Digging Into The GDP Numbers

by: Modeled Behavior

By Karl Smith

Real quick on this. Top line was 2.2%. Let's dig deeper.

Durable Goods Consumption: Added 1.13 pts. About in line with what I would have thought given the surge in cars, but cars was actually a little weak and other durables a little strong.

Non-Durable Goods Consumption: Added .35 pts. Surprisingly strong given the secular death of gasoline. Gasoline consumption has subtracted from GDP for the last 6 quarters and added nothing in the two before that. The US is de-gasolining and that has tended to make non-durables flat.

Consumer Services: Added .57 pts. Much weaker than I expected because I thought utilities would add big this quarter after subtracting big last quarter. But, no another major draw on utilities at –.23 pts. Yet, there is no serious way this is a trend. All of this will bounce back mechanically as we move into the Summer unless we have “The coolest summer on record” and electricity use dies.

Non-Residential Structures: Subtracted .35 pts. Larger subtraction than I would have expected. We know we are getting some subtraction as Natural Gas fracking in the Northeast cools down and Eagle Ford has yet to hit its stride but this is still a little bigger than I would have thought. Not quite sure what all is happening.

Equipment and Software: Added .13 pts. We knew this would be weak in January because of depreciation credits, however, this is a little weaker than census reports would have suggested given Feb and March. I am inclined to expect this will be revised up.

Inventories: Added 0.59 pts. I don’t have a good sense for what this means in a practical way or what to expect though I know petroleum product and natural gas storage is a big deal and went up.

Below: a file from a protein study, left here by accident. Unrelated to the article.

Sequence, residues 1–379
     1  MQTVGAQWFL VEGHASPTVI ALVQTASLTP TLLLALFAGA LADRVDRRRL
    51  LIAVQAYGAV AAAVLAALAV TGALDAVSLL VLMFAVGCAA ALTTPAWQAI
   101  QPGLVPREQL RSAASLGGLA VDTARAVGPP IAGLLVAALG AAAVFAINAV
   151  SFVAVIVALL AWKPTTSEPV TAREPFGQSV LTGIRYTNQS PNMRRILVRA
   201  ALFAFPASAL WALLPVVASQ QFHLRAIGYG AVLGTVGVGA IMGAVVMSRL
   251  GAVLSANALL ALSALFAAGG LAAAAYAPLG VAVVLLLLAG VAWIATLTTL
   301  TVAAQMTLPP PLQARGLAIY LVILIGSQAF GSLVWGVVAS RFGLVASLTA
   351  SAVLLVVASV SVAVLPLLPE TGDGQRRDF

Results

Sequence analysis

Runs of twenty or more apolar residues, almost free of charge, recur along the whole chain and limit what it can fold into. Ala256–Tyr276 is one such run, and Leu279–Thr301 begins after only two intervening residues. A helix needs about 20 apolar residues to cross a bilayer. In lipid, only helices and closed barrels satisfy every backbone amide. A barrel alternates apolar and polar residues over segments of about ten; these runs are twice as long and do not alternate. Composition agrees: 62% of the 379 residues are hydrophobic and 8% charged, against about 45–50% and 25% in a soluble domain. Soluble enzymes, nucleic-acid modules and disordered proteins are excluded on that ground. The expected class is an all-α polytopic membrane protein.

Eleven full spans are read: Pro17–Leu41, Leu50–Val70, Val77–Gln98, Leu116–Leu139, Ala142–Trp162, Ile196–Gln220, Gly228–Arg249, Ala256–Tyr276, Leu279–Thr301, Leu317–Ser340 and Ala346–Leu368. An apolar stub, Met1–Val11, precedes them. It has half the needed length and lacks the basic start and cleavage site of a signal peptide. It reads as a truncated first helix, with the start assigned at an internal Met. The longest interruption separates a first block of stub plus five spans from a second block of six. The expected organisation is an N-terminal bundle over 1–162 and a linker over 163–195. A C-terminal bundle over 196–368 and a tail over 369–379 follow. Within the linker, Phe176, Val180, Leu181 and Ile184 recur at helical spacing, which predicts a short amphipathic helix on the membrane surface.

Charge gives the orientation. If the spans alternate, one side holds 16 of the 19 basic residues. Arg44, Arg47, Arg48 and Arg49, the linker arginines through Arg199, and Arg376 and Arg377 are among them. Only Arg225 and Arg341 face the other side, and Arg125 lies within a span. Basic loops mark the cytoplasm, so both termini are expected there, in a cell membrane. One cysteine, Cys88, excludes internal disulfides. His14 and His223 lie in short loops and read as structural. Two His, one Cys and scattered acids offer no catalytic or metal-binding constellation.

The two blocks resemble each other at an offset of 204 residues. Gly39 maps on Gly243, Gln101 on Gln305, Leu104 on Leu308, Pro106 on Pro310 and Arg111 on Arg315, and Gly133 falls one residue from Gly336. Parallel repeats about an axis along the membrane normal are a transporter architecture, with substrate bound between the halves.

Residential Construction: Added 0.40 pts. Slowly but surely as the starts data indicate. This should get bigger going into the year.

Net Exports: Subtracted 0.01pts. Not bad, though we should expect this to get worse as Europe does.

Federal Government: Subtracted 0.46 pts. SMACK. That is much bigger than expected and almost all comes from military drawdown. Two big quarters in a row of shrinking military expenditures.

State and Local: Subtracted 0.14. Surprisingly high and looks like its coming from lack of highway investment. What the political endgame on that is I don’t know.

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All in all, it looks decent. Government and utilities are not really driven by the underlying dynamics. Main area of concern is non-residential fixed investment where both structures and equipment and software are weaker than I would have supposed.

Also for those tracking GDI, personal income plus taxes on production grew by 140 Billion, adding 3.6 pts to GDI. A rough guess of 35 Billion in net corporate profit growth in the first quarter gives me 4.6% GDI growth estimate.